As for planing through lulls... i don't think volume has anything to to with it. If you're planing then the board's not displacing water and thus creating no buoyant force.

A wide board like the GO and a big sail seem to keep you going when a narrower freeride board would fall off the plane.
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Old 31st December 2008, 05:07 AM   #15
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No. It is all about DISPLACEMENT not volume.

The simple rule of buoyancy.

An aluminium dingy has about 10L of volume but can float a 100kg engine plus 5 people.
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Old 31st December 2008, 04:04 PM   #16
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Red face

I failed physics too. !
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Old 31st December 2008, 09:46 PM   #17
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Cool

An aluminium dinghy has thoasands of litres volume "of displacement".

Thats why it floats with all that weight in it !
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Old 1st January 2009, 08:58 AM   #18
davide
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Quote:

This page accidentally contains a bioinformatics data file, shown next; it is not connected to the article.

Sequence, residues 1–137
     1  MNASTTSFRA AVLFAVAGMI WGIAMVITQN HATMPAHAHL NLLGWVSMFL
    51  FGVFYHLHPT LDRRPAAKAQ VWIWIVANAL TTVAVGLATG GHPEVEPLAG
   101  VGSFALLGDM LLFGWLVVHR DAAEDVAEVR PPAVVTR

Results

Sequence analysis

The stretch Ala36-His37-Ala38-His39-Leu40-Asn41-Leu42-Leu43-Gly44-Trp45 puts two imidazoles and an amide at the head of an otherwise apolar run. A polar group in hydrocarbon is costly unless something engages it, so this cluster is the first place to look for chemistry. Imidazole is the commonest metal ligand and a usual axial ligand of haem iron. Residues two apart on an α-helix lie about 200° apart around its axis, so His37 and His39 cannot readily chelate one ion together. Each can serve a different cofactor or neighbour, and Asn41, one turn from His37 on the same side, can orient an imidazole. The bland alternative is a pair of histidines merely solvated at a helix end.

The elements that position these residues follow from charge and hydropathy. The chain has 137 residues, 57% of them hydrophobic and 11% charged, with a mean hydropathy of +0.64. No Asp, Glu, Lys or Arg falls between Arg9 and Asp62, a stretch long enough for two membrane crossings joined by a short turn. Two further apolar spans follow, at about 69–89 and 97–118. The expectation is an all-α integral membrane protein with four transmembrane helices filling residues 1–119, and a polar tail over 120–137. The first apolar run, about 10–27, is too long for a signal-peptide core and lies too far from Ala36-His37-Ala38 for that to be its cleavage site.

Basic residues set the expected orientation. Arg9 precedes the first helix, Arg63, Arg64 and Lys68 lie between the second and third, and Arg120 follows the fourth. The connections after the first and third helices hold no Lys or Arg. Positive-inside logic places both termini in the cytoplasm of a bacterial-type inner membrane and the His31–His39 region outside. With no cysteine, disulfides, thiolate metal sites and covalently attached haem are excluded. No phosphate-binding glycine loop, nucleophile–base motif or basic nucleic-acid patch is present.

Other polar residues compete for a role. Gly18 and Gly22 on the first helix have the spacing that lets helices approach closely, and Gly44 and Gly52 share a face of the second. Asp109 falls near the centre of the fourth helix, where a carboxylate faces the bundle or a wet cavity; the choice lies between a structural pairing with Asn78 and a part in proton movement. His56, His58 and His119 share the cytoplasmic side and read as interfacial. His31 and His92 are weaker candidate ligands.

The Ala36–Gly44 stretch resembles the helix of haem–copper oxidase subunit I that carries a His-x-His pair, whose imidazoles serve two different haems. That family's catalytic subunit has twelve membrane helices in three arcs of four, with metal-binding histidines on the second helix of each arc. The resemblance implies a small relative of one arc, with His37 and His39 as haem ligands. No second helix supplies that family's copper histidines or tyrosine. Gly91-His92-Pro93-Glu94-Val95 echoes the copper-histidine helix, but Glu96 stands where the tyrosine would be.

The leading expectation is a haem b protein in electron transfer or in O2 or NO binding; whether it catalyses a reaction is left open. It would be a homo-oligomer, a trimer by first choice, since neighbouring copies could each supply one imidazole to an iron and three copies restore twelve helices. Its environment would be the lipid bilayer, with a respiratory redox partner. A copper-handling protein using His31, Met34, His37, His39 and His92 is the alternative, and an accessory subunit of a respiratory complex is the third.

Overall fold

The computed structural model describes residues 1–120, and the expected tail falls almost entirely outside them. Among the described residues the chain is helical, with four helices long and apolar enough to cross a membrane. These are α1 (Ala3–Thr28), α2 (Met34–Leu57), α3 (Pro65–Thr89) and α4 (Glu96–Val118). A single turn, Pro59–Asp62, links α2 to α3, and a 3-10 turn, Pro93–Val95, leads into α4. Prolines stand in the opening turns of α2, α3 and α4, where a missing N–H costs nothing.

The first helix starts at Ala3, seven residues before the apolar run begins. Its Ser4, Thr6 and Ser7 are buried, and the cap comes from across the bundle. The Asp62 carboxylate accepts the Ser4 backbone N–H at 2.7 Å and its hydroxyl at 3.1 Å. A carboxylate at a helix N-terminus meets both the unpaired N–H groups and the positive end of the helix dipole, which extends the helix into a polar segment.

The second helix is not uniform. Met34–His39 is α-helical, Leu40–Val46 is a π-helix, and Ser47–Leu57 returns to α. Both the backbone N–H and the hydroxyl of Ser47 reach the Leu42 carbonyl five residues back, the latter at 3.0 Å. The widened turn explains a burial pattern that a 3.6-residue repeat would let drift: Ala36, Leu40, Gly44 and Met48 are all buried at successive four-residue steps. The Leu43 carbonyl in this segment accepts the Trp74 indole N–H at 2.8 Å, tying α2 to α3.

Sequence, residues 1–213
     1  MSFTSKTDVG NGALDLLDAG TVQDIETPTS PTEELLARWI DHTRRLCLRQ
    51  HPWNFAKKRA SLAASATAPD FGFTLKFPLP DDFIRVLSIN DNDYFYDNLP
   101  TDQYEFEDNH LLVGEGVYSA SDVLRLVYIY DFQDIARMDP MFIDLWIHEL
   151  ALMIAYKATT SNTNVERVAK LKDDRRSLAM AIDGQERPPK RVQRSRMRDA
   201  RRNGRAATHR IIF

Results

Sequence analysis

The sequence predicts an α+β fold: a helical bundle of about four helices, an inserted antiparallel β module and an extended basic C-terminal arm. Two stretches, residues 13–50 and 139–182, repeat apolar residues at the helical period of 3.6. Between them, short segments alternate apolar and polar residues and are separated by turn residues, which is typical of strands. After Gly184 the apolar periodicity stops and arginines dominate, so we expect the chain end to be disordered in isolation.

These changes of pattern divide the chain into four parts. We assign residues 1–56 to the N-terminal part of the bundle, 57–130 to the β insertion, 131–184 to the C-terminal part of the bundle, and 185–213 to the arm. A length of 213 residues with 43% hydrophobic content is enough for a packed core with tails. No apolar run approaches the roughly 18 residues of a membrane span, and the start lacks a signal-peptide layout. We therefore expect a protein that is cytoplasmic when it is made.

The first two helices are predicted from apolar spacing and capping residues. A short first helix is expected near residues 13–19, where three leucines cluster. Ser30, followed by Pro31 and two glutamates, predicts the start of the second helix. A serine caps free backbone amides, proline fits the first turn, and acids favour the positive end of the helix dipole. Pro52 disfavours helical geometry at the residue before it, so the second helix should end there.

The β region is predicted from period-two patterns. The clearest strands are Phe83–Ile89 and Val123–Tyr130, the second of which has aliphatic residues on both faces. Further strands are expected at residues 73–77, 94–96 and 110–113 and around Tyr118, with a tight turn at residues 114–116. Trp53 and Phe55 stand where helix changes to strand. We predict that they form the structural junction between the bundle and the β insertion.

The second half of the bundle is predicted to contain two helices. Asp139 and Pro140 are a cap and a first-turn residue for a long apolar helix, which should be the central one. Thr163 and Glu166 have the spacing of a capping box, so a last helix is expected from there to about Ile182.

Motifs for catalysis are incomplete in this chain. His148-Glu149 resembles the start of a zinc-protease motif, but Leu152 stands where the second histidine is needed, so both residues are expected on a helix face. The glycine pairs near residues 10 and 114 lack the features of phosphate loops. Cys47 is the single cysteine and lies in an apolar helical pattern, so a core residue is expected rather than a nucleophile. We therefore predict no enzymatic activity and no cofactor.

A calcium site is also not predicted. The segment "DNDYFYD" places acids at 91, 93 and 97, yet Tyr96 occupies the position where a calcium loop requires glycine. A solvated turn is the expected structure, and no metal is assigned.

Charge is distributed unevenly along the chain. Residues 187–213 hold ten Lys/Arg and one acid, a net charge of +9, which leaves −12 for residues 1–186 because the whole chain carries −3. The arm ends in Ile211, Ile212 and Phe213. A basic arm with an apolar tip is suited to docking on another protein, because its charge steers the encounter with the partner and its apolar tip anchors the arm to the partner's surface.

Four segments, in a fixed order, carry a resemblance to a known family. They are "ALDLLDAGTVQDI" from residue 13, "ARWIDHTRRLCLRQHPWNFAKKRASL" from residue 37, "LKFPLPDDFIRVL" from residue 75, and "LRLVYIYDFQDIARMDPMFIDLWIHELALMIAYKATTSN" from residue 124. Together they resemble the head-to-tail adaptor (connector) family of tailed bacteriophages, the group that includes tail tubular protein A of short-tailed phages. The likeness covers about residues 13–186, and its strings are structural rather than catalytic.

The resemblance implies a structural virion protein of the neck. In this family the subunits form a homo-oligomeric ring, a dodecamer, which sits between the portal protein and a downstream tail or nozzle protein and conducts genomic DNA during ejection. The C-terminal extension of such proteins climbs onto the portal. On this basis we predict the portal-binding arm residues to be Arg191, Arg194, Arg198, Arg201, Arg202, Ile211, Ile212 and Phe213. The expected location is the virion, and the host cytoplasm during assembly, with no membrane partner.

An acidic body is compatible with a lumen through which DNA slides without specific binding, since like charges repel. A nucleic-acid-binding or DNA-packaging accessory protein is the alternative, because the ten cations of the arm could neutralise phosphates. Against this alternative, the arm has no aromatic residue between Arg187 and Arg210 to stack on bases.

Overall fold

Originally Posted by Unregistered View Post
An aluminium dinghy has thoasands of litres volume "of displacement".

Thats why it floats with all that weight in it !
Problem is that for a windsurfer displacement and volume are almost one and the same ... we do not have nice tall sides on our boards ...
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Old 1st January 2009, 11:07 AM   #19
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Originally Posted by davide View Post
Problem is that for a windsurfer displacement and volume are almost one and the same ... we do not have nice tall sides on our boards ...
To some extent ... but that correlation becomes increasingly irrelevant with boards that don't sink particularly combined with boards of greater width.
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Old 3rd January 2009, 03:58 PM   #20
Farlo
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This is true and not true. You need a minimum volume to get going (notably in low wind) then everything above waterline doesn't help for buoyancy. Once planning you could even consider that all volume is in excess. Volume seems more the result of many other parameters: you need a certain thickness over the desired outline to achieve the required stiffness with a given technology. Overall width and OFO are more relevant to define the fins/sails, thus the wind range. Modern shapes tend to be flatter with less liters; for instance a 90 L x 67 cm slalom board may now carry a 8+ mē sail. One reason is that excess volume = excess weight. On the other hand, new boards are always lighter and more controlable. So where is excess volume, and is it such an issue?

Last edited by Farlo; 3rd January 2009 at 09:17 PM.